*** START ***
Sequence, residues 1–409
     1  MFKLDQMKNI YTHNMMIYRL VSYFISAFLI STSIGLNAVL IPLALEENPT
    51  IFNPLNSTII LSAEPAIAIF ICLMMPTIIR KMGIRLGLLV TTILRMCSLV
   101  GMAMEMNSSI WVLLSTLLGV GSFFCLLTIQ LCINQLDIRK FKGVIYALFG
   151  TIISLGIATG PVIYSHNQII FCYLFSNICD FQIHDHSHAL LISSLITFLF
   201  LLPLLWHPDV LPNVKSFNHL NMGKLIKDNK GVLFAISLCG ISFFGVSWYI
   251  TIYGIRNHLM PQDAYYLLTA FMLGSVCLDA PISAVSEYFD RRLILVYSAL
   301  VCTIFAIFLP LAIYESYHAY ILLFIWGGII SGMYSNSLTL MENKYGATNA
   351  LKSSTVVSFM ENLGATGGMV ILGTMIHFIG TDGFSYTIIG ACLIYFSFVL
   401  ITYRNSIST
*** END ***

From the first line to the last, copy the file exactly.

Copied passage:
Sequence, residues 1–409
     1  MFKLDQMKNI YTHNMMIYRL VSYFISAFLI STSIGLNAVL IPLALEENPT
    51  IFNPLNSTII LSAEPAIAIF ICLMMPTIIR KMGIRLGLLV TTILRMCSLV
   101  GMAMEMNSSI WVLLSTLLGV GSFFCLLTIQ LCINQLDIRK FKGVIYALFG
   151  TIISLGIATG PVIYSHNQII FCYLFSNICD FQIHDHSHAL LISSLITFLF
   201  LLPLLWHPDV LPNVKSFNHL NMGKLIKDNK GVLFAISLCG ISFFGVSWYI
   251  TIYGIRNHLM PQDAYYLLTA FMLGSVCLDA PISAVSEYFD RRLILVYSAL
   301  VCTIFAIFLP LAIYESYHAY ILLFIWGGII SGMYSNSLTL MENKYGATNA
   351  LKSSTVVSFM ENLGATGGMV ILGTMIHFIG TDGFSYTIIG ACLIYFSFVL
   401  ITYRNSIST